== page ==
Notes on the Atrocities
Like a 100-watt radio station, broadcasting to the dozens...


Wednesday, May 21, 2003  

Time to bang my Harper's drum again. The newest editions are in mailboxes now (but not, I think, on newsstands), and so this is a sneak peek into Lewis Lapham's latest cracking good essay:

"The first week of the invasion proved every assertion false. In place of Hitler or Stalin, the American armies found the remnants of a dictator more accurately compared to a psychotic prison warden, a brutal but almost comic figure, so enslaved to the dream of his omnipotence that he apparently had trusted the defense of his kingdom to histrionic press releases and gigantic portraits of himself armed with a shotgun and a porkpie hat.

"No Iraqi shock troops appeared in the field against the American infantry divisions; no Iraqi aircraft presumed to leave the ground; no allied combat unit met with, much less knew where to find, the fabled weapons of mass destruction. The desultory shows of resistance at the river crossings constituted ragged skirmish lines of young men for the most part barefoot and lightly armed, so many of them out of uniform that it wasn’t worth the trouble to distinguish between the civilian and the military dead.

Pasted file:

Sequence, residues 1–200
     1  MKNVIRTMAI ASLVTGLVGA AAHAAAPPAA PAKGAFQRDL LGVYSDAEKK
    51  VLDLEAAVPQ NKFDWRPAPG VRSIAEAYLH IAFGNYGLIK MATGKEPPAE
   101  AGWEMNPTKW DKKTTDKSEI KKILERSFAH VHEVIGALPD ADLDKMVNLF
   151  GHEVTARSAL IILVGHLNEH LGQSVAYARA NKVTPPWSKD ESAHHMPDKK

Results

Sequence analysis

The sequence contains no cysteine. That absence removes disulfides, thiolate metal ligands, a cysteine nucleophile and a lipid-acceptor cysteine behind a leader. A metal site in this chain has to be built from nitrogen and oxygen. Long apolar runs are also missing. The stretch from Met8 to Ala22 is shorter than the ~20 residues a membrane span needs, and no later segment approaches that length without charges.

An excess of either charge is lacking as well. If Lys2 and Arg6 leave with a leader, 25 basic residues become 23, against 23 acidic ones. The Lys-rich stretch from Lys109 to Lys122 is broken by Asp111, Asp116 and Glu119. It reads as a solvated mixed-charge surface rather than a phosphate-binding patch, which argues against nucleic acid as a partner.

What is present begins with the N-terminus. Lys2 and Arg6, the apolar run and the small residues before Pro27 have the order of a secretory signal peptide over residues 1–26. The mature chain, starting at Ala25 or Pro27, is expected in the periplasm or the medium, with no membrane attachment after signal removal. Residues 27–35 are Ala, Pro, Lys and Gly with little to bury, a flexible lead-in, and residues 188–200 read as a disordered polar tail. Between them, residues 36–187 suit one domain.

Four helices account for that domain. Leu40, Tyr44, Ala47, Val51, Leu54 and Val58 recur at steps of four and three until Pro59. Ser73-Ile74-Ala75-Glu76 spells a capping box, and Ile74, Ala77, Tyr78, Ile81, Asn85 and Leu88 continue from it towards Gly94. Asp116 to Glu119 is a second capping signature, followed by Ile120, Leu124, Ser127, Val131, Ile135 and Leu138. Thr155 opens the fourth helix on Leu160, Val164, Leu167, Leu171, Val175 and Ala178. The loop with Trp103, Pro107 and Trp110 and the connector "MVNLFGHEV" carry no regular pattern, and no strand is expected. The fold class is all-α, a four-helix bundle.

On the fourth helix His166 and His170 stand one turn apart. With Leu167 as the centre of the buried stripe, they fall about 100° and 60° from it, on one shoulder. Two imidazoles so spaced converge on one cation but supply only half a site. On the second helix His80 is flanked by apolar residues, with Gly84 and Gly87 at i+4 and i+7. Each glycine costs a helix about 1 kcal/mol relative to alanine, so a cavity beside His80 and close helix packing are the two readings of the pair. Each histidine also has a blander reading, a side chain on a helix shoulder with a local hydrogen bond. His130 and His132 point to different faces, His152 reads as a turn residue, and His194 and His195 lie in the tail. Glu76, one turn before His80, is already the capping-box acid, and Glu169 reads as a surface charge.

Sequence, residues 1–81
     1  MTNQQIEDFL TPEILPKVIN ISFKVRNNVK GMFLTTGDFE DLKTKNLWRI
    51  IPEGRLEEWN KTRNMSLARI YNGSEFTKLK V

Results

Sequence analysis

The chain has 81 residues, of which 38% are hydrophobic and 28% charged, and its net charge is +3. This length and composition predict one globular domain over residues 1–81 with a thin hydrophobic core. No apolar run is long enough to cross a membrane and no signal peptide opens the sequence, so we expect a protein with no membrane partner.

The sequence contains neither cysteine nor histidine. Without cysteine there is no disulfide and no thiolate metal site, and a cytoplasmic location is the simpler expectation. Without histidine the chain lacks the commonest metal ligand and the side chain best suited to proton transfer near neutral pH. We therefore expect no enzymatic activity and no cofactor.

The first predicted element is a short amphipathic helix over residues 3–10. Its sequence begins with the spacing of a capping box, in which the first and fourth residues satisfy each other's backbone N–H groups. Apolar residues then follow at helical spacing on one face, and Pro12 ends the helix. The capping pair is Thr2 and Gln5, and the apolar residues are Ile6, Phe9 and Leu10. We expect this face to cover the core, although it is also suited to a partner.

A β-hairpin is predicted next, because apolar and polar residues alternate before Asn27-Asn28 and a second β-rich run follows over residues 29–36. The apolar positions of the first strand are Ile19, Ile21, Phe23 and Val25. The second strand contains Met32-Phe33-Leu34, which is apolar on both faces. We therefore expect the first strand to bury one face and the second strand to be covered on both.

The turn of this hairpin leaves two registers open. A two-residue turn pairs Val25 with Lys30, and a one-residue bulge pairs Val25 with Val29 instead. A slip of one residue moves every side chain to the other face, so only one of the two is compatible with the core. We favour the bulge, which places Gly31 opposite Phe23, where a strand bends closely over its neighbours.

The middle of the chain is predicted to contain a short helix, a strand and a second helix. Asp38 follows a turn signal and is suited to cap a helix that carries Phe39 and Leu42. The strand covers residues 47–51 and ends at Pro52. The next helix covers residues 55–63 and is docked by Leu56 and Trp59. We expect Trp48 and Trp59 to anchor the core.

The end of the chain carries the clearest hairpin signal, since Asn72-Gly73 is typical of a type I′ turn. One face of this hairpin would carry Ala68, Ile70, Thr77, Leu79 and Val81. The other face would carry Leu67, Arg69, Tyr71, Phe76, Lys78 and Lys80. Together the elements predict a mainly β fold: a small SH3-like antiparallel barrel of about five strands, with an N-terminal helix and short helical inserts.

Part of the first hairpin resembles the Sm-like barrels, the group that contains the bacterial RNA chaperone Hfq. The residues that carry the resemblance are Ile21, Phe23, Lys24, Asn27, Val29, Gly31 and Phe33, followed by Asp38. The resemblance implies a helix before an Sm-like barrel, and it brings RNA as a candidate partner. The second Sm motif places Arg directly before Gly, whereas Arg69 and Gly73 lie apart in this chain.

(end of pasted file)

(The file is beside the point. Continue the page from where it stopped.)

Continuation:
"The weakness of the Iraqi target made ridiculous Washington’s propaganda poster of Saddam as the second coming of Adolf Hitler, and the useful lesson to be learned presented itself on April Fool’s Day. Here was the American army in the sinister landscape of Iraq, equipped to fight the Battle of Normandy or El-Alamein but conducting a police action in the manner of Israeli assassination teams hunting down Palestinian terrorists in the rubble of the Gaza Strip. Would it be possible to hide in plain sight the false pretext of Operation Iraqi Freedom? The Bush Administration answered the question with its customary mendacious aplomb, simply by changing the mission statement. The American army had not come to Iraq to remove the totalitarian menace threatening all of Western civilization--absolutely not; the American army had come briefly eastward out of Eden to “liberate” the long-suffering Iraqi people from the misery inflicted upon them by and evil-doer with the habit of cutting out tongues. One excuse for war as good as any other."



That's merely the section on "The moral splendor of American empire can be made to stand on a pedestal of lies." Additional gems can be found in "The American news media can be relied upon to sell the spectacle and leave the story to the government" and "Package the imperialist agenda as instructive entertainment, and the American public will come to know and love the product."

It's not online, but well worth the buck you'll spend each month if you get a subscription.

posted by Jeff | 1:03 PM |
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